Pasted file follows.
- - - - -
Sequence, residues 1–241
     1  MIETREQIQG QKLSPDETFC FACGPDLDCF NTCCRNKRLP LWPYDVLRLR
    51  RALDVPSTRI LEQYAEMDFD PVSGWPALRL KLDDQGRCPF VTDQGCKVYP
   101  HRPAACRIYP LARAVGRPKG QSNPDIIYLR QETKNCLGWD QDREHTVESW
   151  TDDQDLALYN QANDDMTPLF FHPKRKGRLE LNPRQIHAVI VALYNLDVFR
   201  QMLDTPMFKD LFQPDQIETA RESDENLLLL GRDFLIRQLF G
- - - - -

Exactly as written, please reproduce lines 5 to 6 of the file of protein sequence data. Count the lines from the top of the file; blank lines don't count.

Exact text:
   151  TDDQDLALYN QANDDMTPLF FHPKRKGRLE LNPRQIHAVI VALYNLDVFR
   201  QMLDTPMFKD LFQPDQIETA RESDENLLLL GRDFLIRQLF G